Charges dropped against soldier in Iraq shootings
February 13, 2009
GRAFENWOEHR, Germany — The Army has dropped all charges against a 172nd Infantry Brigade soldier who was allegedly involved in the execution of four Iraqi men in Baghdad last year.
Staff Sgt. Jess Cunningham, 27, faced charges of conspiracy to commit premeditated murder for his role in the alleged execution of the Iraqis by three U.S. non-commissioned officers in April 2007.
However, on Thursday the Joint Multinational Training Command (JMTC), which is the convening authority for the case, withdrew and dismissed all charges against Cunningham, according to JMTC deputy public affairs officer Denver Makle.
"Charges can be withdrawn and dismissed at any time. … They can also be re-filed at any time, although, I don’t believe that will happen," she said.
During a pre-trial Article 32 hearing in August, witnesses testified that Cunningham was at the scene when the Iraqis were shot and thrown into a canal. However, he remained in a vehicle and declined to participate in the killings, they said.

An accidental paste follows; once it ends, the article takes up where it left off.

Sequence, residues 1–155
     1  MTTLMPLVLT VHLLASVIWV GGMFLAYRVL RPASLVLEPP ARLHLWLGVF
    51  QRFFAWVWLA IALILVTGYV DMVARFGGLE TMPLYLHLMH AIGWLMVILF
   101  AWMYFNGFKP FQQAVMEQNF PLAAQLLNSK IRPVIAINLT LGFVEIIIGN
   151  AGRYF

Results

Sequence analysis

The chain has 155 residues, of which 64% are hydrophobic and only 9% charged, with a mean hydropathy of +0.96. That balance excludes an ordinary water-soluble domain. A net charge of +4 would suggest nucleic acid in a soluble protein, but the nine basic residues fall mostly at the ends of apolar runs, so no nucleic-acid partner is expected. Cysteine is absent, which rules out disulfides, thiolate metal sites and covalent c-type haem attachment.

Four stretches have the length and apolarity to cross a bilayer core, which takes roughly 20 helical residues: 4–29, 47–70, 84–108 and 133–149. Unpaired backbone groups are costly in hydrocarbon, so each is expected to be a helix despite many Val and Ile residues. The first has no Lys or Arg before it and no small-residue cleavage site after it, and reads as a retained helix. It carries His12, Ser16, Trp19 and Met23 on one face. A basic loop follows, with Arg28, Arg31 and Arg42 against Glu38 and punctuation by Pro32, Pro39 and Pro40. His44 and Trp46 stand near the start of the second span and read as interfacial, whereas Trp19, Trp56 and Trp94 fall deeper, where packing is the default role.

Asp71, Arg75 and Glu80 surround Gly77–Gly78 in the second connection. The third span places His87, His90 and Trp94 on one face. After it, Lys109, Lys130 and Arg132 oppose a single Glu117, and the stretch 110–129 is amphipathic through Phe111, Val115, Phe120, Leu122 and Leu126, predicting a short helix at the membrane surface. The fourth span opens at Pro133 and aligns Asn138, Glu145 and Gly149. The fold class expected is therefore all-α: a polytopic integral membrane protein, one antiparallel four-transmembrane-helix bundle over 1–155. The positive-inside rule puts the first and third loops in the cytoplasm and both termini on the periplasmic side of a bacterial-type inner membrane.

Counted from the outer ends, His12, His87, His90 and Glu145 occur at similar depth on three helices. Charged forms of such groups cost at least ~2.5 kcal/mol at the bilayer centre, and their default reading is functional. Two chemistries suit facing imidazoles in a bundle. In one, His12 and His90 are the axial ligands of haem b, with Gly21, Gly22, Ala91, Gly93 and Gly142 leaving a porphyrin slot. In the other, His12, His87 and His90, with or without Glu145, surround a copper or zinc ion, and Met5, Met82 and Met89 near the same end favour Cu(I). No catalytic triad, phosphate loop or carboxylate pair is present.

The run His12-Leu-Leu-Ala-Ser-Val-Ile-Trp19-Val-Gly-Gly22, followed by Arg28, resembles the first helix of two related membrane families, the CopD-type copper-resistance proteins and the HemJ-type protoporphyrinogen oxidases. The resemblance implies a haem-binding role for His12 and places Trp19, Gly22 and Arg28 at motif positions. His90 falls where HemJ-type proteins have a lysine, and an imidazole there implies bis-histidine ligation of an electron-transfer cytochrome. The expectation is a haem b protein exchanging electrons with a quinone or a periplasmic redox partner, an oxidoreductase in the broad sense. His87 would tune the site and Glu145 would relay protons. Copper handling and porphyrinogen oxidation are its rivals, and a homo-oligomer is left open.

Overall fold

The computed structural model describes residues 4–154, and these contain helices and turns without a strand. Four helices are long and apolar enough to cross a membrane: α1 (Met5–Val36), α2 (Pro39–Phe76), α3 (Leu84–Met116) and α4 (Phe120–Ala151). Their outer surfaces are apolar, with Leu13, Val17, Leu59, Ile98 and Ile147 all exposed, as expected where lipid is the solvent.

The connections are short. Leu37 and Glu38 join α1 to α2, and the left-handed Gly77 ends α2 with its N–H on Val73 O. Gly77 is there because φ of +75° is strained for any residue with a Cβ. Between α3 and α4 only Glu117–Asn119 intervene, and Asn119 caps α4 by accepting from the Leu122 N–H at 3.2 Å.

The Army has charged the alleged shooters — 1st Sgt. John E. Hatley, 40; Sgt. 1st Class Joseph P. Mayo, 27, and Sgt. Michael P. Leahy Jr., 26 — all formerly assigned to 1st Battalion, 18th Infantry Regiment, with one specification each of premeditated murder, conspiracy to commit premeditated murder and obstruction of justice.
Several soldiers, who played peripheral roles in the incident, have been convicted of lesser charges while others await trial or have been granted immunity from prosecution in exchange for testifying against the accused.
Cunningham blew the whistle on the killings in January last year, revealing them to Capt. Richard Newman, an Army trial defense attorney. Newman then passed the information to a CID special agent without negotiating immunity for his client, Cunningham’s civilian lawyer, James Culp, said in August.
The Army is pushing ahead with a court martial for Sgt. Charles Quigley, another 172nd soldier who was at the scene of the murders but who later wore a wire to help CID gather evidence against others involved in the case. Quigley’s trial is scheduled for early March, according to JMTC.